WANTED: Extraterritorial location for indefinite detentions, torture of prisoners, and gigantic secret military installation. Island preferred, remoteness a plus; must be cleared of troublesome natives and provide for completely restricted access. Ideal landlord would consist of a compliant allied government willing to eat up the obvious bullshit that we’re going to spew trying to explain the patently illegal actions we carry out on their territory.
Contact: D. Vader, US Naval Observatory. Seriously corrupt inquiries only.
Join me, if you will, in the Cave of the Moonbat, where our old ally Great Britain will answer the above ad – by cravenly permitting the United States to reverse-colonize Her Majesty’s empire on the island of Diego Garcia. Upon (and in the waters near to) this speck of coral in the Indian Ocean, the British and Americans have established a base/prison/human rights deprivation facility that has played a larger role in the Global War of Terror than even Guantanamo Bay – a fact to which the Brits, at least, are finally growing wise.
The Footprint of Freedom
Seriously: that’s what the U.S. Navy has nicknamed it. The moniker is ironic only in the Orwellian sense – Diego Garcia atoll itself does kind of look like a footprint. It’s in the middle of nowhere, halfway between Tanzania and Java and about 1000 miles southwest of India and Sri Lanka, 300 south of the Maldives. Put another way, the bombing missions launched against Afghanistan from Diego Garcia’s massive 12,000-foot runway deal with roughly the same distances as an attack on Lima, Peru, that originated in Chicago.
Diego Garcia is the largest (at 12 square miles) of the 60-or-so islands in the Chagos Archipelago, an uninhabited chain comprising about around 36 square miles of land area and about 32,640 of ocean. Diego Garcia’s total area, about 66 square miles, encompasses a 48 square mile lagoon (up to 100′ deep) and 6.5 of peripheral reef. For all you absolute location junkies out there, the archipelago lies between 4°25′ and 7°39′ South latitude, 70°14′ to 72°37′ East longitude. Diego Garcia, or “DGar,” itself is the southernmost unsubmerged island of the chain, at 7°18’48″S, 72°24’40″E.
(a more detailed map of Diego’s named features can be found here)
The Chagos are a good example of the proverbial “desert islands,” even if the vegetation is invariably described in available literature as “lush” and their indigenous life includes the gigantic, 6+-pound coconut crab, the largest terrestrial arthropod known to exist. Being atolls, the islands are comprised of sand-topped coral, and barely reach altitudes above sea level – the highest point in the chain, at 22 feet, is on Diego Garcia. It wasn’t lack of adequate vantage point that kept the place devoid of human habitation, though – it was the lack of decent sources of fresh water.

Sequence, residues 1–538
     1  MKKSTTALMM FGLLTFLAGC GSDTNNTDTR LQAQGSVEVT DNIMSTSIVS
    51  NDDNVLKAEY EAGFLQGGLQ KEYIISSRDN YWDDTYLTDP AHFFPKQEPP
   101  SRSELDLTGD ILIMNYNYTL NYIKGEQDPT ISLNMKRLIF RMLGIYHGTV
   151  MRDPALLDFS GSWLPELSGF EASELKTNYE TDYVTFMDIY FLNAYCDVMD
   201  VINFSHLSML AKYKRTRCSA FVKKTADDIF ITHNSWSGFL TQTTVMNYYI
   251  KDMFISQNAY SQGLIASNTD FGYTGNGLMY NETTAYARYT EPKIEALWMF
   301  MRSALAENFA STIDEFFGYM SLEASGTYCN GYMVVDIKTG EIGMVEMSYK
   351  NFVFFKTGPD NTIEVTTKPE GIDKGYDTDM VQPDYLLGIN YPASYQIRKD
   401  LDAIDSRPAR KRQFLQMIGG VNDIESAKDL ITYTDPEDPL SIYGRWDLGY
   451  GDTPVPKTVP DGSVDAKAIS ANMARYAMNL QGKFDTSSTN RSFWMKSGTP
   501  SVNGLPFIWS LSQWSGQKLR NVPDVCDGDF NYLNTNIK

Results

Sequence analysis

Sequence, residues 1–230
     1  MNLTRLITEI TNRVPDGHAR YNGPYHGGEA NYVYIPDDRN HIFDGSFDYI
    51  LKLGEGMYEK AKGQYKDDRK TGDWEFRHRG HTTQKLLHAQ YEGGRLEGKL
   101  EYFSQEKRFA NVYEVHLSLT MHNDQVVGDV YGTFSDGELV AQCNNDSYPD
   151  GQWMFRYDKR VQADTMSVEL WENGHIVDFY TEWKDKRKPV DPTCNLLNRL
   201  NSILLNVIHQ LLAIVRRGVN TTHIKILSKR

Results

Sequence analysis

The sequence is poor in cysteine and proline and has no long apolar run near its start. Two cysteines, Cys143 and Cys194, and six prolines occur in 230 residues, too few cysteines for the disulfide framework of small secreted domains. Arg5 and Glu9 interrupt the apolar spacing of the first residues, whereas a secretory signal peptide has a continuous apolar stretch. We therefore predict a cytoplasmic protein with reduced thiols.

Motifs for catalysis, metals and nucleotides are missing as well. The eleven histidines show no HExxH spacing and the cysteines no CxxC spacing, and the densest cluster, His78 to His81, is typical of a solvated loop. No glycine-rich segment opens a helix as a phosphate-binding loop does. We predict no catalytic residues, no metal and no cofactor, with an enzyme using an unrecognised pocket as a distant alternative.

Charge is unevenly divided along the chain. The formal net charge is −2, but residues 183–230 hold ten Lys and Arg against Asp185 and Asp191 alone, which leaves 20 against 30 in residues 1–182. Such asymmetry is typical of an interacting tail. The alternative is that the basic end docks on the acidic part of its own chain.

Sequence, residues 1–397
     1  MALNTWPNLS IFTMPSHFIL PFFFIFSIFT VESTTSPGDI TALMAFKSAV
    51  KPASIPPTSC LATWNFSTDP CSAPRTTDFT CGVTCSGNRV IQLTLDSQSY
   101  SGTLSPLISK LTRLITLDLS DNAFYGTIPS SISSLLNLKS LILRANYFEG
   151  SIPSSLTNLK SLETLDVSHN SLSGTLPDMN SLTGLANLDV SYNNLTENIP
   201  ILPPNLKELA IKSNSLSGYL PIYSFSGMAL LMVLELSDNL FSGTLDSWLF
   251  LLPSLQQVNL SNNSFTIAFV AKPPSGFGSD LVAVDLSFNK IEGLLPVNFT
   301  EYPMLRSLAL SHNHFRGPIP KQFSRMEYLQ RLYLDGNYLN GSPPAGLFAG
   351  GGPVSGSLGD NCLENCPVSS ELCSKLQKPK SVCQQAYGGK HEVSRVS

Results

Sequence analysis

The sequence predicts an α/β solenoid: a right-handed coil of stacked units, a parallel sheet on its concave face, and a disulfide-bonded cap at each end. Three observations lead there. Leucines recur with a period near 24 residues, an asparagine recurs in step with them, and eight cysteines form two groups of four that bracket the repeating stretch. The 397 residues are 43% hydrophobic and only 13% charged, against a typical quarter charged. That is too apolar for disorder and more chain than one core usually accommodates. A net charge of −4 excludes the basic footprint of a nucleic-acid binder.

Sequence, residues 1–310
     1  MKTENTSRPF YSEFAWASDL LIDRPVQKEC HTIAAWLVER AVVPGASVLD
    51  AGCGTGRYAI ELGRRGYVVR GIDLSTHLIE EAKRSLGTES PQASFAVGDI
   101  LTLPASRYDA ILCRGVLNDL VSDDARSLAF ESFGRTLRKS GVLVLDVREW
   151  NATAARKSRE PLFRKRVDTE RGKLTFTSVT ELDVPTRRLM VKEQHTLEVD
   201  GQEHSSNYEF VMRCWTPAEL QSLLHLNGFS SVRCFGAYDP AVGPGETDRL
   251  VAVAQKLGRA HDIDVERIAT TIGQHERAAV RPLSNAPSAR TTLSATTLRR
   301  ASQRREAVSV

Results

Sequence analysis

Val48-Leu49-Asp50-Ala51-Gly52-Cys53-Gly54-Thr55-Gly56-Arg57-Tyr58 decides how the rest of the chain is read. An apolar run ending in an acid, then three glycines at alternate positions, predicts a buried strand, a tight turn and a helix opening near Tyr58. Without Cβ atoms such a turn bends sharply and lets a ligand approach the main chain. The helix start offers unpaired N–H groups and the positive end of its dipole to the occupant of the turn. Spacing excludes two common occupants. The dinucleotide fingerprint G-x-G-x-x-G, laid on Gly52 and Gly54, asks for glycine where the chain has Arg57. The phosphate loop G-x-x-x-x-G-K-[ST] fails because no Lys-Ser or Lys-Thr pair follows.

Their seclusion makes the Chagos a destination for yachting enthusiasts in the know, who seem to enjoy exploring the ruins of colonial plantations and stringing hammocks between the palm trees – so long as they don’t wander anywhere near the black site shores of Diego Garcia, the military leaves them alone. Its isolation has also made it an ideal haven for wildlife: all flora and fauna are protected under the strict regulations of the British Indian Ocean Territory (a/k/a “B.I.O.T.,” a special, and probably illegal, Cold War-era spawn of the Empire), and Diego Garcia was added to the Ramsar List of Wetlands of International Importance on July 4, 2001. It may not be swampy, but at 102 inches of rainfall annually and consistently high humidity, it definitely qualifies as “wet land.”
Weird Mark H-type Sidenote: Those coconut crabs don’t mess around – they get their name from having claws powerful enough to husk and open coconuts. They’ve also been seen lifting logs and such in excess of 50 pounds, but don’t start thinking about how pincers like that might taste slathered in butter: the Brits impose heavy fines on anyone caught messing with one, alive or dead.
The (Coconut) Oil Islands